The Violin Channel recently caught up with University of Idaho Cello Professor Miranda Wilson, former doctoral student of American cello pedagogue Phyllis Young – who passed away earlier this week, aged 92.
In a VC-exclusive blog, Miranda pays tribute to her late-teacher and mentor:
“Phyllis Young was a longtime cello professor at the University of Texas, a pioneer in string pedagogy, and a colorful character beloved by the hundreds of cellists she taught. Despite having been born in Kansas, she was a proud Texan, and her signature cello technique was what she called “a Texas-sized tone.” A marvelous cellist in her own right, she would accept nothing less than the best tone and vibrato from her students. Even in her eighties, she was still being flown all over the world to teach lectures and masterclasses to cellists of all ages.
Mrs. Young, as everyone called her, was one of the first women professors when she joined the University of Texas faculty in 1953, and experienced considerable discrimination from male colleagues who didn’t want her around. She rose above this shabby treatment by mentoring and advocating for other women faculty in her own inimitable and gloriously vivid manner until her retirement in 2007.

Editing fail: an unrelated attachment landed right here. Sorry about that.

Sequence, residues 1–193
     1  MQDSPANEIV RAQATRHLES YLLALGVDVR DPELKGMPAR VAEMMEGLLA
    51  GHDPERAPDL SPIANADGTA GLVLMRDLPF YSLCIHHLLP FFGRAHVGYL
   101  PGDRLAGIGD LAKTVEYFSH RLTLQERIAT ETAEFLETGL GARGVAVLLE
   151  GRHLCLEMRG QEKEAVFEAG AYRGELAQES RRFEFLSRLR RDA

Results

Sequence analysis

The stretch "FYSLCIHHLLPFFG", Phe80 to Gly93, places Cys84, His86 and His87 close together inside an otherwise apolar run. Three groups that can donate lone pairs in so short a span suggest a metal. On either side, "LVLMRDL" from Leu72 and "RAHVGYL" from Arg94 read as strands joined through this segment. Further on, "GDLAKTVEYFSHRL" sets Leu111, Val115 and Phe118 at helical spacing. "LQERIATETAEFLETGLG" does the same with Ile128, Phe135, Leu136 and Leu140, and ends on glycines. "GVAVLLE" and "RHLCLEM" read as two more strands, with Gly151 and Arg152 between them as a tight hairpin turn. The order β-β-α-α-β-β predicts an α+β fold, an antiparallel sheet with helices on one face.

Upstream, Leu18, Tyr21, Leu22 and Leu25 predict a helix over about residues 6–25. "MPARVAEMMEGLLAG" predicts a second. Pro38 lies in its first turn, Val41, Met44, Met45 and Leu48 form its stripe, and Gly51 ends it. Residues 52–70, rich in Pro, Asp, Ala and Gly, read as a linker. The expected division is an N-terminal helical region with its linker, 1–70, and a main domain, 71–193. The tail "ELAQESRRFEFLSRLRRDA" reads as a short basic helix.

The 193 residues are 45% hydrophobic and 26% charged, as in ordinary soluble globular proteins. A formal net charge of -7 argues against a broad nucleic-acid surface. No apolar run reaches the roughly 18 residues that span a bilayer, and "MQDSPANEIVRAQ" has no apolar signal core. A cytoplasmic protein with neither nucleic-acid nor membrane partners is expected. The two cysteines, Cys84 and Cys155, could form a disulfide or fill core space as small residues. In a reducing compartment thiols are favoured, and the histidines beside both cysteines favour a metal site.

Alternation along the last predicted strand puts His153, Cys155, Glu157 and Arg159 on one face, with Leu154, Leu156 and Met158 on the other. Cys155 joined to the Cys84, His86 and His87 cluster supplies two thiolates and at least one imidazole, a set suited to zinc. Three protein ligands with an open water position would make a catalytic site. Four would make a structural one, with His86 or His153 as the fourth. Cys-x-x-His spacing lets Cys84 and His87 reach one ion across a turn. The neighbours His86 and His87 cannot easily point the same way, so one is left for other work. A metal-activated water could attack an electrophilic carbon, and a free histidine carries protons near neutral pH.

Habitually dressed in bright colors, she called everyone “Honey” and was much given to exclamations of “My!” and “Mercy!” Every student of hers has a cherished “Mrs. Young story” containing a few of her memorable one-liners. She was also tremendously generous, often paying the pianists for her students’ recitals, slipping students large checks for graduation presents, and giving lovely gifts. I treasure a gold bracelet that she once insisted on giving to me when I admired it during a lesson. Her criticisms could be harsh (“Honey, your tiny little tone isn’t going to impress many people”), but her methods for teaching technique, many of which came from her book Playing The String Game, demystified the difficulties of cello playing. She insisted on using the body in a logical, intuitive manner, emphasizing relaxation. She claimed a teaching lineage that went back to her own teacher, André Navarra. Her own legacy lives on through her students and their students, who can be found on every continent, and are recognizable by the Texas-sized tone of their cellos.
PICTURED: MIRANDA WILSON AND PHYLLIS YOUNG, AUSTIN, 2005
Playing the String Game: Strategies for Teaching Cello and Strings |BOOK|
Phyllis Young, Author
Sally Blakemore, Illustrator
Release Date: October 1, 1978
University of Texas Press
The String Play: The Drama of Playing and Teaching Strings |BOOK|
Release Date: 1986
University of Texas Press